What’s the ultimate tool for pressing the wrinkles out of suede and leather garments? The hothead press.
With a hothead press, there’s no live head steam to worry about, but head temperature is an important consideration. If the head temperature is too hot, it could damage the skin, its finish or its color. Therefore, it is of extreme importance to limit head temperatures when using a hothead press on suede and leather garments.
The proper temperature setting for a hothead press is 250°F (120°C). If the press is heated electrically, a thermostat regulates head and buck temperatures. But if the press is heated by steam — as most are — head temperatures must be limited to 250°F by installing a steam regulator and a steam-pressure gauge on the steam line supplying the press.
Once installed, the steam regulator should be adjusted to lower the pressure going into the hothead press to 50 psi. This translates to a temperature of approximately 250°F at the press head.
The results when pressing suedes and leathers on a hothead press at this temperature are superb. The skins are smooth, and leathers regain their shine and a soft, supple feel. If you plan to do a lot of suedes and leathers, pressing on the hothead press is the way to go.
Any hothead can be adapted to do a nice job on suedes and leathers. But it must be equipped with a steam regulator, steam-pressure gauge and bypass valve to reduce the pressure to 50 psi.
A bypass valve and regulator allow a laundry hothead to switch from laundry jobs to suede and leather garments. For laundry pressing, steam flows in at 100 psi and 375°F (190°C); for suedes and leathers, the 100 psi steam gets diverted and reduced to 50 psi, with a head temperature of 250°F. Allow the head to cool down between jobs, of course.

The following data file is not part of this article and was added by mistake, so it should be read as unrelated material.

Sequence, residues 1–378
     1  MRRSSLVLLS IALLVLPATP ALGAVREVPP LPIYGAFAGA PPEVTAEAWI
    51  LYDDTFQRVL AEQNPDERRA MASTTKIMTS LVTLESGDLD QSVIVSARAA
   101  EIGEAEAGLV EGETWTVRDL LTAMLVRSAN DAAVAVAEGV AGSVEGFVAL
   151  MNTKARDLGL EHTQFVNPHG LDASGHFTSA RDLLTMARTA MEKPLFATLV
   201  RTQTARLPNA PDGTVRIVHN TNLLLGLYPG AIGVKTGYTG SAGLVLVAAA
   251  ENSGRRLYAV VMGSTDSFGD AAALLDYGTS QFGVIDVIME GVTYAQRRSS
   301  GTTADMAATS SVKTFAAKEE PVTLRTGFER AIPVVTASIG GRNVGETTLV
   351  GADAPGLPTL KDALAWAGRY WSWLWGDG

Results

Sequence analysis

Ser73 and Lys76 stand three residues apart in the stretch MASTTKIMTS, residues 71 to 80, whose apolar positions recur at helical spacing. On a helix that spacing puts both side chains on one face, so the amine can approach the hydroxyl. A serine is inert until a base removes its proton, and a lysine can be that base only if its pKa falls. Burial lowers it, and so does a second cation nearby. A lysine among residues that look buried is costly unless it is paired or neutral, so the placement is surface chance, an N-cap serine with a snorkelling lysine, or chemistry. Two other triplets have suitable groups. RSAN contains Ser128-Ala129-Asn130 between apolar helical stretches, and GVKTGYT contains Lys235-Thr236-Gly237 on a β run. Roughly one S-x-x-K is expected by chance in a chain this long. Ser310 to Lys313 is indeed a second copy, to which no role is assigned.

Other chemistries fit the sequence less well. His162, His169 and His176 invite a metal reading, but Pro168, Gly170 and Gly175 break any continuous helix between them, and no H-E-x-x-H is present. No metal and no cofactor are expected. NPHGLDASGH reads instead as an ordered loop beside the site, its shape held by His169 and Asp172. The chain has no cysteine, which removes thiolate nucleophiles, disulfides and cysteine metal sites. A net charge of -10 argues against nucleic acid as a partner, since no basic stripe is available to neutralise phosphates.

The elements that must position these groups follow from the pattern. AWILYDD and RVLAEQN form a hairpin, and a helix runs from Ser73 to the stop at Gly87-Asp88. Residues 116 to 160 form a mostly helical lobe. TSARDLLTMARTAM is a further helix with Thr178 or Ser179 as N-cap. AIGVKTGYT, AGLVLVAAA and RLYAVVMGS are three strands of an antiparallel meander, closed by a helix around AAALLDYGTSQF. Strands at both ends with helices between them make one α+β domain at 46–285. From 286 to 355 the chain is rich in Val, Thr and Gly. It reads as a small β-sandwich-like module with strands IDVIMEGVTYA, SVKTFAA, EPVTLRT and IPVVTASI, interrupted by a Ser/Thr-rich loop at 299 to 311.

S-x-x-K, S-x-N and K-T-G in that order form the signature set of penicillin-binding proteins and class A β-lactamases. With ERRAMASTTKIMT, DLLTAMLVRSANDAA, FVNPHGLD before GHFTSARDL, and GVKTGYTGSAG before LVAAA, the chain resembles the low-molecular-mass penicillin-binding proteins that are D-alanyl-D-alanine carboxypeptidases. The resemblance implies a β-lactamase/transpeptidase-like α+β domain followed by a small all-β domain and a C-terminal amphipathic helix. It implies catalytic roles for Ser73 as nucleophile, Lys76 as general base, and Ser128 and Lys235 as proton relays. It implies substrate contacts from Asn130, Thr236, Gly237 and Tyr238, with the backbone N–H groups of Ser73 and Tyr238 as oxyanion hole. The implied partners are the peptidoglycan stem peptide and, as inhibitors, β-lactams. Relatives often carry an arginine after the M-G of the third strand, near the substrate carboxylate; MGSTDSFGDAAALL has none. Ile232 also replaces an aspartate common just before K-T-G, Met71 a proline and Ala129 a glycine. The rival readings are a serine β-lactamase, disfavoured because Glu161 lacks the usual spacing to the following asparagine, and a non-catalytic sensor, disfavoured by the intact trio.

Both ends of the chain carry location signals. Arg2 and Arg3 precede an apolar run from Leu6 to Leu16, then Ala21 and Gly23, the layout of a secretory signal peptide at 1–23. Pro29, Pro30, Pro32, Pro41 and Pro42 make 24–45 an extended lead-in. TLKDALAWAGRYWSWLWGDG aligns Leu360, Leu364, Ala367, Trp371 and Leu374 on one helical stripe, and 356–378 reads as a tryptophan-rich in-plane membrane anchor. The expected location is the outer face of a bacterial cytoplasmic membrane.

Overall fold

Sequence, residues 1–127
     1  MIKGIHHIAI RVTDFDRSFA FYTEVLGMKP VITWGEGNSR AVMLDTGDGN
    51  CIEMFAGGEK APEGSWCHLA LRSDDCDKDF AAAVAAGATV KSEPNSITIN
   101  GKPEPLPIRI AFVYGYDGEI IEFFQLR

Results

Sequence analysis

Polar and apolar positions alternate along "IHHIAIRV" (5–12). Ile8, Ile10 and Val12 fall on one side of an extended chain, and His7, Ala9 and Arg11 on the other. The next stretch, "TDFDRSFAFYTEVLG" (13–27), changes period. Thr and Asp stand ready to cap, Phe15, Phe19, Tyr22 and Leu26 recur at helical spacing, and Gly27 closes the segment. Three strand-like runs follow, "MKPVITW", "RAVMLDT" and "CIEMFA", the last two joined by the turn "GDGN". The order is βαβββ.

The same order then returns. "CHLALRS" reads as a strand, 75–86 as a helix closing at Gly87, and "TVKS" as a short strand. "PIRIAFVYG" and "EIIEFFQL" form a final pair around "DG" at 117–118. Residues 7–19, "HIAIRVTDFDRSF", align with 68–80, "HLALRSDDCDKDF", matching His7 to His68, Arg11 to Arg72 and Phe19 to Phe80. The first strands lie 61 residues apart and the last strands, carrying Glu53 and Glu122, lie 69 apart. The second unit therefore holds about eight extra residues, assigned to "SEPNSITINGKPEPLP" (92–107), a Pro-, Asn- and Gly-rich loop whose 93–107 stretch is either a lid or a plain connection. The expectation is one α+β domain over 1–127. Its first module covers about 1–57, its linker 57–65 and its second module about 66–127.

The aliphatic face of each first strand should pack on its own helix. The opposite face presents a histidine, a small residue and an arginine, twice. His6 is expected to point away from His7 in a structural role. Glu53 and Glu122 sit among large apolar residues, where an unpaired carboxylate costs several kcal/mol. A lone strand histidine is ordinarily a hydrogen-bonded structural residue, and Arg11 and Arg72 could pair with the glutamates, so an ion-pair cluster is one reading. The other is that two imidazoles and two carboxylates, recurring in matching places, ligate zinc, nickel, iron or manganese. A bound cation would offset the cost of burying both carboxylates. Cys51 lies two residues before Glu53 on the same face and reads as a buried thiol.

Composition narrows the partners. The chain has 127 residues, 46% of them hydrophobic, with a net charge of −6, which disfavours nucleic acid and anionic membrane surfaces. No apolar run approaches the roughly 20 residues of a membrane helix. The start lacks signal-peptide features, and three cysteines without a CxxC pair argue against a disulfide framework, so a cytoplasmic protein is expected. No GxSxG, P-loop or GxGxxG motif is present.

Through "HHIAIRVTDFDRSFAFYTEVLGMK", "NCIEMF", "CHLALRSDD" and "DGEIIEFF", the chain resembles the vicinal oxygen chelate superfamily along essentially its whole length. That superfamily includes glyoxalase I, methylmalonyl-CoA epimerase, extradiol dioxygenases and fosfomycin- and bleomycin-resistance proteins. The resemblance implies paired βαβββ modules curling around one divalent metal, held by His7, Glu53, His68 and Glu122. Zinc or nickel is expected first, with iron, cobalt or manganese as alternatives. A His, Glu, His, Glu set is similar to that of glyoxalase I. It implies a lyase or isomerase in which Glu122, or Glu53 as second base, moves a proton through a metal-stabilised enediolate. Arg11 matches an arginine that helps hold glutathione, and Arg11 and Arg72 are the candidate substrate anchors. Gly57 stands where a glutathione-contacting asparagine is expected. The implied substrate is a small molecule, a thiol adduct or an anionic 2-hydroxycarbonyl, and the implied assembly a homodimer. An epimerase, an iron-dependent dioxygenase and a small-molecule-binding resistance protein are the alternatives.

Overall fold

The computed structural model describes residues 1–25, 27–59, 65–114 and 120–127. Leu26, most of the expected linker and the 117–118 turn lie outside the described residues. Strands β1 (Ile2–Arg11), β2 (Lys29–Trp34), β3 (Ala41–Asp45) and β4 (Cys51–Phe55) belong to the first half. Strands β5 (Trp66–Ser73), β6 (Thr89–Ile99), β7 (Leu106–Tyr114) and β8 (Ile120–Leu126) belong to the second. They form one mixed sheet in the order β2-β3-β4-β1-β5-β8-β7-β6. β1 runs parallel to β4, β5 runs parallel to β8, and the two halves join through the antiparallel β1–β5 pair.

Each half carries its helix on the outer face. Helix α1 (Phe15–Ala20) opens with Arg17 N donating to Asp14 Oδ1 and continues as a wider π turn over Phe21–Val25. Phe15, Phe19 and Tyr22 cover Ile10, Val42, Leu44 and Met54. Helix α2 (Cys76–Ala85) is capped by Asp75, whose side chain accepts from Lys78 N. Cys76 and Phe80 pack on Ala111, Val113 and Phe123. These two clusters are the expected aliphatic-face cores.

Add a bypass to a silk hothead press to reduce the steam pressure from 80 psi to 50 psi, and you can use it on silks and suedes and leathers alike. A silk hothead is like a suede-and-leather hothead — it has buck steam and vacuum built-in. Both are good for pressing suedes and leathers; the vacuum can help cool the skin after pressing and hold the skin in place before the head comes down.
Buck steam is useful for pressing loose cloth linings on suede, leather and fur garments, and can provide a shot of steam to less-delicate cowhides and pigskins before pressing to help get the wrinkles out. Notice that I said “a shot” of steam — like on a form finisher — and before the head comes down, not after. You can also use buck steam safely when pressing suedes and leathers, but only if you regulate it down to 40 psi.
THE SOLID GRID PLATE
You can also get quality results when pressing suedes and leathers by using a nonperforated grid plate on the head of a drycleaning steam press.
As you know, your steam press has a perforated grid plate fastened to the head with three springs on each end. The perforated plate has a metal face that’s covered in Teflon or cloth. Either way, small perforations or pinholes cover the plate’s face.
These pinholes allow head steam to reach the garments pressed. The holes diffuse the steam and deliver it evenly, while the plate applies the heat and pressure needed to get rid of wrinkles.
But as you know, you don’t want live steam to come into contact with skins, unless it can be regulated to 40 psi pressure. Otherwise, it can cause skins to shrivel up.
Using a nonperforated grid plate is an excellent way to ensure that no live steam reaches the skin. The plate is heated by the head steam, and can do an excellent job of pressing without the threat of damage.
Compared to the quality that perforated grid plates with no steam or low steam can deliver, the results are outstanding — the quality of pressing with a nonperforated plate is second only to the quality you can achieve with a hothead press. A nonperforated grid plate is worth its low cost!